Middle-income families in the economic downturn: challenges and management strategies over time

Roberta Rehner Iversen, Laura Napolitano, Frank F Furstenberg


The “Great Recession” has hurt many families across the United States, yet most research has examined its impact on those already considered poor or working poor. However, this recession has affected middle-income families, whose experiences with economic challenge have seldom been looked at in any detail. Such families have been recently called “the new poor,” “the missing middle,” and “families in the middle.” One in seven American children under age 18 (10.5 million) has an unemployed parent as a result of this recession, and because economic mobility for children in the U.S. is affected by their parents’ earning capacities, their mobility potential may be mediated by parents’ strategies for children’s educational futures. The research presented here, which is informed by Weberian stratification theory and capital theories, is based on a longitudinal subset of a larger two-country, multicity, mixed-methods study that used surveys and qualitative semi-structured interviews to explore how middle-income families contend with economic downturn and how their adolescent children’s educational futures might be influenced. Our findings suggest that most families maintain their children’s developmental and educational status quo, but their strategies to do so constrict the potential for educational attainment. As such, the American approach to off-loading much of the cost of higher education to middle-income families who are economically stressed is not viable if we hope to maximize the number of children who will receive mobility-enhancing postsecondary education.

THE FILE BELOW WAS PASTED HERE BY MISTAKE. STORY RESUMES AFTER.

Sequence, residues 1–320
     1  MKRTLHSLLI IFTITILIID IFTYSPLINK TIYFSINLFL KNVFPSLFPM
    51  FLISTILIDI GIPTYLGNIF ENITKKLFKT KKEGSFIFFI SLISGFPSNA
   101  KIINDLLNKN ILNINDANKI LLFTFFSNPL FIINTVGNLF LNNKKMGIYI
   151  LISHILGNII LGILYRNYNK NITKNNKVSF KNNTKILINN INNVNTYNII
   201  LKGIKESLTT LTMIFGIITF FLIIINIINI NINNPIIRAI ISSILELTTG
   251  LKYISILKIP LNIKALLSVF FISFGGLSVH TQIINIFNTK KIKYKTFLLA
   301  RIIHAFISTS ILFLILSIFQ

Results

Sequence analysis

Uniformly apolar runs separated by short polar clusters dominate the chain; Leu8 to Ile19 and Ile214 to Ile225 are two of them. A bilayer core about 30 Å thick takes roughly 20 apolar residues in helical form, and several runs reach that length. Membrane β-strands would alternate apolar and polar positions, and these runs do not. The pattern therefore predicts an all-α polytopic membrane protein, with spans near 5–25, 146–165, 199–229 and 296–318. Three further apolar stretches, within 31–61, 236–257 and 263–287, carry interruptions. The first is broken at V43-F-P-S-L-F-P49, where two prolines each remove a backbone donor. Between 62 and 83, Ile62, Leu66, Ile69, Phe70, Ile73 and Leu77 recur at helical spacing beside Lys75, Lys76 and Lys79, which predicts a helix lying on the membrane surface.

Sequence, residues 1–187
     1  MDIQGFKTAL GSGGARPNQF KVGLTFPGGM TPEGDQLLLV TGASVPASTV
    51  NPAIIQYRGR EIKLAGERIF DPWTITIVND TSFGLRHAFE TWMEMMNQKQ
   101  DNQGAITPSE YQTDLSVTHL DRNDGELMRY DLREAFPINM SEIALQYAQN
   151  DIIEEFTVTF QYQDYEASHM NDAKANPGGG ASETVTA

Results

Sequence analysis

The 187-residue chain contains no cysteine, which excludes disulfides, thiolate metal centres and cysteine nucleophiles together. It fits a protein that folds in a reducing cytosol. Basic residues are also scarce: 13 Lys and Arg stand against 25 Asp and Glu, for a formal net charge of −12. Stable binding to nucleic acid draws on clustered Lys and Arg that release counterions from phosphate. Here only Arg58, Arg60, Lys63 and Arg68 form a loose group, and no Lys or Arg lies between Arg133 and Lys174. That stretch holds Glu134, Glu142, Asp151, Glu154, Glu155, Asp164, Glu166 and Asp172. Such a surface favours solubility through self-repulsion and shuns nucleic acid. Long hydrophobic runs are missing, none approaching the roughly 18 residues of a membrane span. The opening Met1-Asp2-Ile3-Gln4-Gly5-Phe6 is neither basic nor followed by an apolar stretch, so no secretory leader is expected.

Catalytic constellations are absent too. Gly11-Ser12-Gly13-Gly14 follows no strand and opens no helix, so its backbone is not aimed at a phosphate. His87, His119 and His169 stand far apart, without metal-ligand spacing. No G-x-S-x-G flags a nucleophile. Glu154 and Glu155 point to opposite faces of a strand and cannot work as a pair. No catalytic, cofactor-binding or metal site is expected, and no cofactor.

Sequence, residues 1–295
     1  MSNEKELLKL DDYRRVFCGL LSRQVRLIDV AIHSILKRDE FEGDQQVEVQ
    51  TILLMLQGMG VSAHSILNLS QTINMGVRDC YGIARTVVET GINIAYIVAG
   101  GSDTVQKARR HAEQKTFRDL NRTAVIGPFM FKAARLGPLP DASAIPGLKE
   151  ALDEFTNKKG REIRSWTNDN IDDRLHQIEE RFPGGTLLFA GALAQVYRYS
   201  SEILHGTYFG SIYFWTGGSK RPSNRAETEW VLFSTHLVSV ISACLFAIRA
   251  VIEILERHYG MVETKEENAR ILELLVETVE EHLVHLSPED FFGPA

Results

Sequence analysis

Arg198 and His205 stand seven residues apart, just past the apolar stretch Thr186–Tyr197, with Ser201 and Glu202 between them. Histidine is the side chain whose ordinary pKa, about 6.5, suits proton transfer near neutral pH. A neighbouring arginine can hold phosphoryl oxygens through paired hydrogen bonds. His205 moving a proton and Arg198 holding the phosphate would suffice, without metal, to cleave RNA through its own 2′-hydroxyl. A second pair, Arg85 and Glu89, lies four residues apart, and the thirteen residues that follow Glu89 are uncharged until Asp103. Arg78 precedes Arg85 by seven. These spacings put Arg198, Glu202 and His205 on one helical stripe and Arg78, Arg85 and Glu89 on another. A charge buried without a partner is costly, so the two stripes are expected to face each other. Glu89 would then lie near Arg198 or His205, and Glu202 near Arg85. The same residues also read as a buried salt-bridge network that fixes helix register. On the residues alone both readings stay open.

Children’s Education; Economic Downturn; Families; Longitudinal; Management Strategies; Middle-Income; Mixed Methods; Recession

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DOI: http://dx.doi.org/10.14301/llcs.v2i3.150

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